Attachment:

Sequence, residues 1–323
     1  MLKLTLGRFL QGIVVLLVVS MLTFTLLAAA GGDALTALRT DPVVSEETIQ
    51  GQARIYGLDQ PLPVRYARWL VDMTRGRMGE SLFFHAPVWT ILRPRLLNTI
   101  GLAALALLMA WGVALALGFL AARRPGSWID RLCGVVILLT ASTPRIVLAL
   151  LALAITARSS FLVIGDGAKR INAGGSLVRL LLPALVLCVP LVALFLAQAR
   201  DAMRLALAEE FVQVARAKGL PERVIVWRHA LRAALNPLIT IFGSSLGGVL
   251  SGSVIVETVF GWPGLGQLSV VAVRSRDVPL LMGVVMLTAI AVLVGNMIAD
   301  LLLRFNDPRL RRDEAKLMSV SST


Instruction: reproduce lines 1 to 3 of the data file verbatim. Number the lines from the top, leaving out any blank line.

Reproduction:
Sequence, residues 1–323
     1  MLKLTLGRFL QGIVVLLVVS MLTFTLLAAA GGDALTALRT DPVVSEETIQ
    51  GQARIYGLDQ PLPVRYARWL VDMTRGRMGE SLFFHAPVWT ILRPRLLNTI